Primary author: David Jorgensen
Olivia Boyd, Lily Geidelberg, David Jorgensen, Manon Ragonnet, Igor Siveroni, Erik Volz and the Imperial College COVID-19 Response Team
Report prepared on 2020-05-28
This report uses full genome sequence data for Telangana shard publicly by Centre for Cellular & Molecular Biology and Gandhi Medical College and a set of international background sequences from GISAID (laboratory acknowledgements)
- We estimate a number of key epidemiological parameters for Telangana based on the genetic diversity of these samples alongside a set of closely related sequences from elsewhere which act as a global reservoir.
- In this preliminary analysis we estimate a basic reproduction number (R0) of 3.19 in Telangana with R falling below 1 by the time of the last available sequence data at the end of April.
- We estimate a low reporting rate in Telangana with a median estimate from the phylodynamic model of 73849 cases at the end of April compared to 1009 reported cases at the same time point.
This is analysis is based on :
- 39 whole genomes sampled from within Telangana
- 51 whole genomes sampled from outside of Telangana
- Samples within Telangana were collected between 2020-02-04 and 2020-04-28
As duplicate sequences and those with likely sequencing errors or significant gaps were removed prior to analysis this represents a smaller sample than the total number of Telangana samples uploaded to gisaid. Figure 1 shows the distribution of the included sequences over time, including external sequences.
Reported cases for comparison to our model predictions are taken from covid19india.org, a crowdsourced database for SARS-CoV-2 data from India and so may not match reported cases from government sources exactly. These data are used for comparison purposes and to estimate the reporting rate and do not influence the phylodynamic analysis.
Figure 1: Sampling distribution over time of number of sequences included within the region versus sequences included from the international reservoir.
In this preliminary analysis we estimate 73849 [10396-129336] median [95%CI] cumulative infections at the time of the the last sample (2020-04-28). At the same time point there were 1009 reported cases. The estimates follow a similar trajectory to the reported cases at a different magnitude. The peak in daily infections in the model lags the peak in reported cases with a later start to the downwards trajectory in cases. This fit will likely improve with further sequence data but may also be improved with a piecewise estimate of R(t) which can fit more dramatic changes in incidence than the current smoothed estimate.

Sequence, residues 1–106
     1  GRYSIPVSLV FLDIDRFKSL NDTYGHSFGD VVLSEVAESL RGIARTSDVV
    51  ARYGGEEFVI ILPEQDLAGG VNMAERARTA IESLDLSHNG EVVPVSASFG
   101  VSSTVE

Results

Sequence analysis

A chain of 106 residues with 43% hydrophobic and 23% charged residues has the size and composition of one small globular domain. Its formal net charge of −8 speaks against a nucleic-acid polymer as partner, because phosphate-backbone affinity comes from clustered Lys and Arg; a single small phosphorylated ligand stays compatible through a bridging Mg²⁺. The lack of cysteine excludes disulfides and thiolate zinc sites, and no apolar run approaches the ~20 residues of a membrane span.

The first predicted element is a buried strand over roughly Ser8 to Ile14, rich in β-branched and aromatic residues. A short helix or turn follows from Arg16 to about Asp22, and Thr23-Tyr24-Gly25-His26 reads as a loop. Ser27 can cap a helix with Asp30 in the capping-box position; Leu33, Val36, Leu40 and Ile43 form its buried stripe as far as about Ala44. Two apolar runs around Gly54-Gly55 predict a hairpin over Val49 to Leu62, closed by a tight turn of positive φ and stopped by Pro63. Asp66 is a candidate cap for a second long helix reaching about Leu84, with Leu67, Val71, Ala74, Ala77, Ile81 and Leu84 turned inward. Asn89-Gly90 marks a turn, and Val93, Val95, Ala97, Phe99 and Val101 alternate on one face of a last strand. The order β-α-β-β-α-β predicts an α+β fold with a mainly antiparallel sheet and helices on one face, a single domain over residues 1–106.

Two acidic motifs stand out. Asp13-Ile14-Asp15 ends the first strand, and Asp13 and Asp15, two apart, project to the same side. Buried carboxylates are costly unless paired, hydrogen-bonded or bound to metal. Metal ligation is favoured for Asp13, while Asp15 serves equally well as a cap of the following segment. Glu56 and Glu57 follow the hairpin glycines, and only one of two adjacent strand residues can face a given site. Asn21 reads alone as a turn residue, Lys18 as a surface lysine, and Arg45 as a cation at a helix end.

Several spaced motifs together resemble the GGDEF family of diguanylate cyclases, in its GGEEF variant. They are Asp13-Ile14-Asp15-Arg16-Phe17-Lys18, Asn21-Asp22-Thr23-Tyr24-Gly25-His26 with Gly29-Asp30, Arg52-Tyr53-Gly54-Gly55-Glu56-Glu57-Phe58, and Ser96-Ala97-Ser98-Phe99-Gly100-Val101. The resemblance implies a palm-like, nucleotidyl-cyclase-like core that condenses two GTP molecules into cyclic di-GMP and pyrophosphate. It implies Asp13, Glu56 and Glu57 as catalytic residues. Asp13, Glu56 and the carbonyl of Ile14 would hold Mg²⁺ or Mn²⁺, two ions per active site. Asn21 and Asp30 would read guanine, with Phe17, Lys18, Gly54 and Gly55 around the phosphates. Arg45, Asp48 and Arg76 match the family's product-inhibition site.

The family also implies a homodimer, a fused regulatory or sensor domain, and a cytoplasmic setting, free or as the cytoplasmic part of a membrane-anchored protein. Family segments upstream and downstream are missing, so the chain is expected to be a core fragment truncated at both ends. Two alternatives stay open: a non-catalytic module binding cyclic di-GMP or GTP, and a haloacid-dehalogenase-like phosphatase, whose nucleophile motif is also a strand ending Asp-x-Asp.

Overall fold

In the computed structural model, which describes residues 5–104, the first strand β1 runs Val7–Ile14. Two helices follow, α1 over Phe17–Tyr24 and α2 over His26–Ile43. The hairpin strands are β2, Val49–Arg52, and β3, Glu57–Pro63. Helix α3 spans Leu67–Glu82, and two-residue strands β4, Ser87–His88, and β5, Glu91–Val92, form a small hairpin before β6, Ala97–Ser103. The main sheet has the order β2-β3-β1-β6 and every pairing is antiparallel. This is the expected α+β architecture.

Figure 2: Estimated cumulative infections through time represented by solid black line (median) and 95% CrI (ribbon). Points represent reported cases in Telangana. The dashed line indicates the date of last sample in Telangana in this analysis.
Estimated cumulative infections at last sample (2020-04-28): 73849 [10396-129336] median [95%CI]
Cumulative confirmed infections reported at 2020-04-28: 1009
Figure 3: Estimated daily infections through time represented by solid black line (median) and 95% CrI (ribbon). Points represent reported cases in Telangana. The dashed line indicates the date of last sample in Telangana in this analysis.
Figure 4: Estimated percentage of daily cases reported in Telangana. Error bars represent the 95% credible interval.
Figure 5: Reproduction number through time. The black vertical dashed line indicates the date of last sample in Telangana in this analysis. The red dashed vertical line represents the date of lockdown in India.
Reproduction number at last sample (2020-04-28): 0.391 [0.0501-1.75] median [95% CrI]
How quickly has the epidemic in Telangana grown?
|Quantile||Reproduction number||Growth rate (per day)||Doubling time (days)|
Table 1: Reproduction number, growth rate and doubling times
the R0 and R(t) estimates presented here are broadly in line with estimates produced by other groups using only epidemiological data.
How has SARS-CoV 2 evolved in Telangana?
Figure 6: Maximum likelihood phylogeny with the x-axis representing NT substitutions per site. The colour of the tips corresponds to sampling location; red tips were sampled from within the region, grey tips from outside
Figure 7: Time scaled phylogeny co-estimated with epidemiological parameters. The colour of the tips corresponds to location sampling; red tips were sampled from within Telangana, blue tips from outside.
We present a time scaled phylogeny of SARS-CoV-2 in Telangana and the included international reservoir. As few internal nodes have high posterior support we also present a maximum likelhood phylogeny showing genetic distance between the included sequences. Telangana sequences tend to cluster closely together suggesting that the majority of sequenced SARS-CoV-2 results from transmission within the region rather than introductions from elsewhere. This is in keeping with the timing of the epidemic in India which follows the introduction of social distancing measures in most other heavily affected regions but may also represent targeted sampling strategies, such as contact tracing, in the sampled genetic data.
Molecular clock rate of evolution: 0.00174 [0.00136-0.00214] median [95% CrI]
Details on methods and priors can be found here.
Table 2: Effective sample size of model parameters
Model version: seijr_0.1.1_coupled
Report version: 20200528-153636-b3e93655
This work was supported by the MRC Centre for Global Infectious Disease Analysis at Imperial College London.